Watch here The community will remember the life of Florida Highway Patrol trooper Joseph Bullock this morning who was shot and killed in the line of duty last week.A public memorial service will be held for Trooper Joseph Bullock at the Bayside Community Church in Bradenton at 11:00 a.m.Flags are flying at half staff in his honor around the state.After the service, a procession involving dozens of law enforcement officers will lead Trooper Bullock’s body to the Sarasota National Cemetery.Once there, Trooper Bullock will receive law enforcement honors during a ceremony at 2:30 p.m.FHP said the public is encouraged to attend the memorial service to honor the life and legacy of the 42-year-old trooper, who spent his entire 19-year law enforcement career with the agency.Memorial Service to Honor the life and career of Trooper Joseph Bullock pic.twitter.com/6rd0epcUww— FHP West Palm Beach (@FHPPalmBeach) February 10, 2020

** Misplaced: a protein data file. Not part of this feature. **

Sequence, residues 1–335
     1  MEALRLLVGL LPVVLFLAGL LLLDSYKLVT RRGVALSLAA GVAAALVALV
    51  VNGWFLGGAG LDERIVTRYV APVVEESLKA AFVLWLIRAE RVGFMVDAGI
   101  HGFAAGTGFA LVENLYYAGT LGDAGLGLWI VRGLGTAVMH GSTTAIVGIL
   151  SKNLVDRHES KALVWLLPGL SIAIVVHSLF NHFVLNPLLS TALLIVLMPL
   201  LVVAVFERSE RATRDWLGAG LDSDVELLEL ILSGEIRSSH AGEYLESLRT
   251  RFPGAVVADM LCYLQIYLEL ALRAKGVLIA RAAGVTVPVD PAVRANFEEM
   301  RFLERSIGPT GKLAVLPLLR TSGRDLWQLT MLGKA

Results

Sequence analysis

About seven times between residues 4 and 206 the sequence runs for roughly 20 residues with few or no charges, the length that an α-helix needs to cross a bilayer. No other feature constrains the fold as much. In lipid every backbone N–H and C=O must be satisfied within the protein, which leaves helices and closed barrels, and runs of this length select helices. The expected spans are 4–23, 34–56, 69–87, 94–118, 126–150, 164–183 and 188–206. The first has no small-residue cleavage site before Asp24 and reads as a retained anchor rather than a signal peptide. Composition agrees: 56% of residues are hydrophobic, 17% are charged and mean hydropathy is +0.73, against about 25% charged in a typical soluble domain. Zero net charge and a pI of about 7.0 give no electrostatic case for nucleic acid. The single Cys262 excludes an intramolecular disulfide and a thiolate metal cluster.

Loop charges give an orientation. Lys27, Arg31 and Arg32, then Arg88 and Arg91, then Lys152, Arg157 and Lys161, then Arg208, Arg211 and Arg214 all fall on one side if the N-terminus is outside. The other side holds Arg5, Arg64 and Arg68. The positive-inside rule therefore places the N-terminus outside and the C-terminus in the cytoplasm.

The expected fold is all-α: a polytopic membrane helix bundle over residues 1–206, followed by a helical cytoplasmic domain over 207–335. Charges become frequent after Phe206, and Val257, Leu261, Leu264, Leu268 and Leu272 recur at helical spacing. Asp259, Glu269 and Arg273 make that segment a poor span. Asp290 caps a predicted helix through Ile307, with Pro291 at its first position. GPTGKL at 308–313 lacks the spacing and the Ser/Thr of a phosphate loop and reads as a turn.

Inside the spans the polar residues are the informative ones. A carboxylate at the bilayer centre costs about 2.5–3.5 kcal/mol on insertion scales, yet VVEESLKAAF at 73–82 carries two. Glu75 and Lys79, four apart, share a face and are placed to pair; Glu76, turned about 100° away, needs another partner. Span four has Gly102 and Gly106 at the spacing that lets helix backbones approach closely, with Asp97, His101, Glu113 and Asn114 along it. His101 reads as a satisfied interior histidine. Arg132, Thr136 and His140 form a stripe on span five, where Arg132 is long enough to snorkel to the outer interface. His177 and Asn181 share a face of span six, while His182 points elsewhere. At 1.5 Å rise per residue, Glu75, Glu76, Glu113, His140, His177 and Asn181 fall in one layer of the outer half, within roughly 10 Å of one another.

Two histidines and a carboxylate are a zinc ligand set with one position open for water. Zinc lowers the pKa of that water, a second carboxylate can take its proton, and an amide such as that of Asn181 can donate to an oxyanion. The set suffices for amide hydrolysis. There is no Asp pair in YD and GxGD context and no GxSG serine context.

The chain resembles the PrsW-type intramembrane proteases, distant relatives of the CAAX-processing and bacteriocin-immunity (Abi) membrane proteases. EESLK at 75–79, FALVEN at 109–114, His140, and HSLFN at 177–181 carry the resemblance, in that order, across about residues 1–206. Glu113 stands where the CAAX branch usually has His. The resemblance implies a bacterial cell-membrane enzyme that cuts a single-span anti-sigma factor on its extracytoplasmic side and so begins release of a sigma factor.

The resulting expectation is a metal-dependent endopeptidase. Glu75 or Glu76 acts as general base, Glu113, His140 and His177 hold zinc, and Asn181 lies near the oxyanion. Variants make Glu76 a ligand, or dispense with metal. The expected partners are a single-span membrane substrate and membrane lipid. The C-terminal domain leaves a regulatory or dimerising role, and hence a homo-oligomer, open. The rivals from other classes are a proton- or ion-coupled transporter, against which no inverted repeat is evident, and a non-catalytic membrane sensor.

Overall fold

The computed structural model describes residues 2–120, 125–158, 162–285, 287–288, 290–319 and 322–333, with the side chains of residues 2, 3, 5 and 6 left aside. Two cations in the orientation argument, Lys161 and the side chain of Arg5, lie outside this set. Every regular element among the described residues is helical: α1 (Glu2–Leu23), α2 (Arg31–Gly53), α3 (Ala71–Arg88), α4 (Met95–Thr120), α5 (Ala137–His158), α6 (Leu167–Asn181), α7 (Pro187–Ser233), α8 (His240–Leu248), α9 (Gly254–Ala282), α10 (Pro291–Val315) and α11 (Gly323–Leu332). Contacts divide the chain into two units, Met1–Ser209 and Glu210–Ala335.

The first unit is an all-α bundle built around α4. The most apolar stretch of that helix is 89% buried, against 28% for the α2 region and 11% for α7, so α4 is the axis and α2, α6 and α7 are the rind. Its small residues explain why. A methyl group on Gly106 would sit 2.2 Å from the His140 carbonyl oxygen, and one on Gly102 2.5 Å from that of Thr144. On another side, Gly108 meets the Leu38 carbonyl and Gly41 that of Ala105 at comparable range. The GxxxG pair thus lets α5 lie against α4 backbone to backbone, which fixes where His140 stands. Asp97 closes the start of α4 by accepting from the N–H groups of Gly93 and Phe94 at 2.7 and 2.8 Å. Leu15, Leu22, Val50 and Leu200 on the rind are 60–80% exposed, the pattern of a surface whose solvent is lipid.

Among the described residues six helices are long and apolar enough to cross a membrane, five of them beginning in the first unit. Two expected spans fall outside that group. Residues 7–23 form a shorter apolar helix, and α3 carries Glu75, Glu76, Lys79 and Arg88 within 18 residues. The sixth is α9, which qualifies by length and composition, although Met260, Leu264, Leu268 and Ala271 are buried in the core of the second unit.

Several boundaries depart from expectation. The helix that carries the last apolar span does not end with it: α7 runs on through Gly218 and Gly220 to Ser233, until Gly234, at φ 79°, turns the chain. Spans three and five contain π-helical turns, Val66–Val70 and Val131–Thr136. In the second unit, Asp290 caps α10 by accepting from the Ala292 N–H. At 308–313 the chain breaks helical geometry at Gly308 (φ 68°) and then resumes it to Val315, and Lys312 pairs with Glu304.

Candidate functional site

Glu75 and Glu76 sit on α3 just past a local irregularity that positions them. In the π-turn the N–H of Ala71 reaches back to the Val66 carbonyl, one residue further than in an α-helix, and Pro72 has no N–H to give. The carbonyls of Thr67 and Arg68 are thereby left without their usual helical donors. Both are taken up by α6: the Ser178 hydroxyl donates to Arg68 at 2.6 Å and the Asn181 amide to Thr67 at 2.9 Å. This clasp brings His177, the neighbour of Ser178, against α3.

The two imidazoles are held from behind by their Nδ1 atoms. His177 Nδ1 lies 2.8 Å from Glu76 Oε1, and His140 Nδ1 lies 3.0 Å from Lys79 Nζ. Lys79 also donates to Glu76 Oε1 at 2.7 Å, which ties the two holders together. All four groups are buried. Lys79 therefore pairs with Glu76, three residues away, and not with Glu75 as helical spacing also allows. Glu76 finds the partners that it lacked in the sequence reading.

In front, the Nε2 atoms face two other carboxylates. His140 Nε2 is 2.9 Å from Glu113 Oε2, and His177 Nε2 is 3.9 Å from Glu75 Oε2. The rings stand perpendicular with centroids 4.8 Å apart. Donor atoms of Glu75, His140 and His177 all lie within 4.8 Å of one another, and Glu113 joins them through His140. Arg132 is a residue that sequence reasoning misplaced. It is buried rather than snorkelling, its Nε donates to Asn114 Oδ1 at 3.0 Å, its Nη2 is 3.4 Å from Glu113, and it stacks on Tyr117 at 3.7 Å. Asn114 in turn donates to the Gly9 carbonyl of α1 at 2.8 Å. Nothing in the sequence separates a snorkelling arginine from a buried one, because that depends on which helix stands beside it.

Share on: WhatsApp Ugandan champions. PHOTO VIA @UgandaMediaCentFINAL RESULTSUganda ?? 67 Zambia ?? 50Malawi 71 Botswana 39Zimbabwe 68 Namibia 37Uganda’s She Cranes are Africa netball champions.With five wins out of five, the She Cranes capped a memorable tournament by beating Zambia 67-50 baskets on the final day of the six-nation event at Lugogo, Kampala.Spurred by goal attacker Proscovia Peace, Uganda humbled Africa’s top ranked team Malawi Queens and defending champions Zimbabwe Gems in the tournament as they scored a record 335 baskets.Malawi Queens are ranked 6th in the world, Uganda is ranked 13th, Zimbabwe 16th and Zambia 15th.The She Cranes entered the final day walking tall, after they got a boost from Uganda President Yoweri Museveni, who gave them and the U-20 netball teams a sh96 million .Team P W D L PTS GOAL AVUganda 5 5 0 0 10 335Malawi 5 4 0 1 8 284Zimbabwe 5 3 0 2 6 273Zambia 5 2 0 3 4 266Botswana 5 1 0 4 2Namibia 5 0 0 5 0 Uganda She Cranes: Lilian Ajio – Goal Defender, Stella Nafuka – Goal Keeper, Wycline Natwentwa –Wide Defender, Betty Kiiza – Centre, Halima Nakachwa – Wide Attacker, Stella Oyella – Goal Attacker and Peace Proscovia – Goal Shooter.****OTHER RESULTSDay 1Uganda 72 def Botswana 29(20-7, 42-14, 57-22, 72-29)Day 2Malawi 55 def Zimbabwe 45(17-9, 28-21, ..-.., 55-45)Uganda 69 def Nambia 31(15-11, 38-15, 56-24, 69-31)Zambia 57 def Botswana 42Day 3Uganda 66 def Malawi 43(13-11, 27-22, 48-29, 66-43)Zimbabwe 56 def Botswana 37Zambia 56 def Nambia 46Day 4Malawi 64 def Nambia 35(17-10, 35-19, 48-31, 64-35)Zimbabwe 59 def Zambia 58(19-11, 30-29, 44-45, 59-58Day 5Uganda ?? 61 Zimbabwe 45 ??Botswana 57 Namibia 38Malawi 51 Zambia 45